2. We should change our paradigm of observing and projecting PLAAF orbat from now on (and other PLA branches too, but we focus on PLAAF here). For the last three decades, we've been observing China in a stage of catching-up and filling the gaping hole compared with other advanced air forces. Time was, rumors about any advanced aircraft China had her hands on whether import or domestic development would cause a lot of excitement or stirring. A display model, a new model or better yet, a maiden flight of a model would be considered more or less a breakthrough if not a milestone. An over 200 serial production would be considered massive. That era has passed. What China needs going forward is mass production of a few mutually complementary models, and 200-300 per model should be considered the bare minimum of a serial production model.

3. With above said, I think J-20 and its various upgrades and variants will be the focus during the said period (before 2030) and they should ramp up and maintain relatively high annual production rates. I'm projecting the cumulative total production numbers (by year) as follows: 300 (2025), 400+ (2027), 600 (2030), 1000 (2035). After 2035, J-20 may continue to be produced, likely at reduced rates.

4. I think PLAAF should eventually procure a LB J-XY, but, as I stated in several posts in the last few days, I don't see the urgency and necessity for PLAAF/SAC to devote too much efforts on rolling out the LB J-XY around 2025. I understand there have been rumors in the last years or two opposite to what I think, but I remain unconvinced and until the rumors turn out to be true, I stick to my belief. (Plus, even if those rumors had some grounds, circumstances have changed so much such that I believe they should slow down - but that's another topic). I agree with your reasoning to support a LB J-XY for PLAAF, i.e., shifting the stealth aircraft production burden from CAC to SAC to allow CAC to focus on the 6th gen. The more strategic reason that I think they should support a LB J-XY is that China needs to have two competitive, world-class fighter aircraft manufacturers to sustain and maintain the technology and competitive edge of her MIC. But the presumed LB J-XY order should not be a charity; SAC has to deliver. It's another reason that I believe they should plan for LB J-XY to be ready late in the decade, to allow more time for the platform and subsystems to mature and develop. Assume LB J-XY goes into production in 2029, we should expect 200-300 LB J-XY by 2025.

5. After 2035, 6th gen and UCAVs will start to ramp up.

To summarize, CAC will focus on J-20 and its various upgrades and variants and produce total 1000 of them till 2035, after which it will switch to 6th gen and start to ramp down the production of J-20 - maybe even transfer the production to GAC gradually. SAC should focus on J-XY/J-35 and PLAN before the end of the decade and start to produce LB J-XY by then. All told, PLAF will have 1200 -1300 stealth fighter aircraft by 2035, split between J-20 (1000) and LB J-XY (200-300).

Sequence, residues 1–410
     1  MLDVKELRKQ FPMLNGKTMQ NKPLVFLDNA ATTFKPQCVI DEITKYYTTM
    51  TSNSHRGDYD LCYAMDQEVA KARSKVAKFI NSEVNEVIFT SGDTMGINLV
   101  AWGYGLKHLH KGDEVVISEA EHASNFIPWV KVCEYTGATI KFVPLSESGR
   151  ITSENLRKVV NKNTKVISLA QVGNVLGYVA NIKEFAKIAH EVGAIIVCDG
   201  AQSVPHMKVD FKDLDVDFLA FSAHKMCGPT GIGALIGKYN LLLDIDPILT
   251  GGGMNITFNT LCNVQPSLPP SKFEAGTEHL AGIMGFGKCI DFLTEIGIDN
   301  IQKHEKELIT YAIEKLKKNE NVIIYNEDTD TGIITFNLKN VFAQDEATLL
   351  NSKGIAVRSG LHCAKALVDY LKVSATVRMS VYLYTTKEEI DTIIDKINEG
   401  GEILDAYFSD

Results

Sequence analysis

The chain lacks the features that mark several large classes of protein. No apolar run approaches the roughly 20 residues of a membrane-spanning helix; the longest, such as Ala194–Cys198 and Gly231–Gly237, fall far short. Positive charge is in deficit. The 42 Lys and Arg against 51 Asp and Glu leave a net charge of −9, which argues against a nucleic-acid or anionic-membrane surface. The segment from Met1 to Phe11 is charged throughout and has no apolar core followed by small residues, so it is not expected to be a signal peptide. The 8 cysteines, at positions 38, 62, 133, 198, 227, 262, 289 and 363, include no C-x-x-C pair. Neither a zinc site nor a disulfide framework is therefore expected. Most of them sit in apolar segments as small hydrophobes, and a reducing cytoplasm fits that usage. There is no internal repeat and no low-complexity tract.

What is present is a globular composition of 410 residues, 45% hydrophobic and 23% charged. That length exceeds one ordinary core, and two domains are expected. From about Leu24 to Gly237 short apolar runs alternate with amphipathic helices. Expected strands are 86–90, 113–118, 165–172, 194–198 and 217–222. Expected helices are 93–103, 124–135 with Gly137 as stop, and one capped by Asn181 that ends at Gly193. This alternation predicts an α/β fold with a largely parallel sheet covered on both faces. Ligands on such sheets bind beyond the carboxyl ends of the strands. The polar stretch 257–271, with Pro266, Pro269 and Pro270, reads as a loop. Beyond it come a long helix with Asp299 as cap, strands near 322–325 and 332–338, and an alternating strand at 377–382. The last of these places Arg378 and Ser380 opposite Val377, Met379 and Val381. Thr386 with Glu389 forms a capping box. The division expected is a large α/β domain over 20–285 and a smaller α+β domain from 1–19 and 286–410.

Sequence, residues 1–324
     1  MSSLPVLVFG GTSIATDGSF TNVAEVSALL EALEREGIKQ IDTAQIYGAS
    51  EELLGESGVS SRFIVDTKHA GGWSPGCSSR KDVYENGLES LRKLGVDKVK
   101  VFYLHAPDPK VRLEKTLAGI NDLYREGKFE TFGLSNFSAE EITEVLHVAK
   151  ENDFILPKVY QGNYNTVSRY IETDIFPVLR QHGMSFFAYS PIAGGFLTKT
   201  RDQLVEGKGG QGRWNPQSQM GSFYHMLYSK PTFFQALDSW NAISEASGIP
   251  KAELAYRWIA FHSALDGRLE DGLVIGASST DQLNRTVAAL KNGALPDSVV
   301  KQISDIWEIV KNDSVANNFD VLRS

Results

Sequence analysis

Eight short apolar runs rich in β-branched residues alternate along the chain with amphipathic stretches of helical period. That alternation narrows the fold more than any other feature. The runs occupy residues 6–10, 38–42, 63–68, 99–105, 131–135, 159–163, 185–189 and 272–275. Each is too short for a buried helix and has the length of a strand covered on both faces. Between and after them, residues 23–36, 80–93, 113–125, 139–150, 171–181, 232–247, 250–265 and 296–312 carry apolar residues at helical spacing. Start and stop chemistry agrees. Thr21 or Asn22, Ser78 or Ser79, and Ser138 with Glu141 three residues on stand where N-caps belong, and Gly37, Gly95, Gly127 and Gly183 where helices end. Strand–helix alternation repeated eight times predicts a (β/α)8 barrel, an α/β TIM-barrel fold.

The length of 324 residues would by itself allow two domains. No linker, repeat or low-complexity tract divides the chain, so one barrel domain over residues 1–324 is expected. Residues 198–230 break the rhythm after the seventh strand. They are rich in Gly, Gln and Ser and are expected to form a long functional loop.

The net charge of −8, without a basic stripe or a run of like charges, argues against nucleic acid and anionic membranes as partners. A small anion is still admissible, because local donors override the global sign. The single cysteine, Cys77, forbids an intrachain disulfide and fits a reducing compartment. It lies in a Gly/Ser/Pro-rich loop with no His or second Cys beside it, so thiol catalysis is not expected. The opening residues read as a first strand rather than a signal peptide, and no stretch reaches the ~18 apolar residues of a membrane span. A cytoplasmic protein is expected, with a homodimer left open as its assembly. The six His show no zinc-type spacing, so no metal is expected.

Good thoughts, I'll address points individually or by theme.

1. 2035 may reflect that, but the phrasing of 2035 in the past by Wang Haifeng did describe the date as when the 6th gen fighter would be actively "defending the seas and skies" which I interpret to mean as some form of credible operational service (in turn meaning production would've started a few years before, based on past precedent of initial production to credible service). Perhaps I'm reading a bit much into that phrase/quote, but I do think that aiming for early 2030s initial production for 6th gen is not only reasonable, but desirable for the PLA, so as to aim to further close the tech/generation gap with the US and their own 6th gen efforts.

2. I agree with this in general. For new fighter types, but I think especially for "mainline" new fighter types of the new generation, 300ish aircraft should be seen as a minimum number for which procurement is worth the development costs and aerospace resource consumption. (The number would of course be different for bombers, transporters, UAVs/UCAVs etc)

3. to 5. I think these points really strike at the heart of the matter in regards to the prospects of PLAAF procuring LB J-XY, and in turn future PLAAF strategic fighter procurement.

There are basically three major factors at play, which I mentioned in my reply to Feng.
Those are:
A) Peak sustained (and average) annual J-20 production rate
B) Duration of active J-20 production
C) Initiation of 6th generation production

My view is that I think the peak sustained J-20 production rate will have a ceiling to it that may be somewhat lower than what others think -- I think a peak rate of below 50 is viable, with perhaps an annualized average of about 40 a year. Based on how many J-10s and J-20s CAC has been able to build with current floor space, and based on the lack of any major expansion of factory floor space, and limitations of long lead items like factory tooling, experienced production personnel, anymore than that in the next 5 years seems a bit difficult to entertain.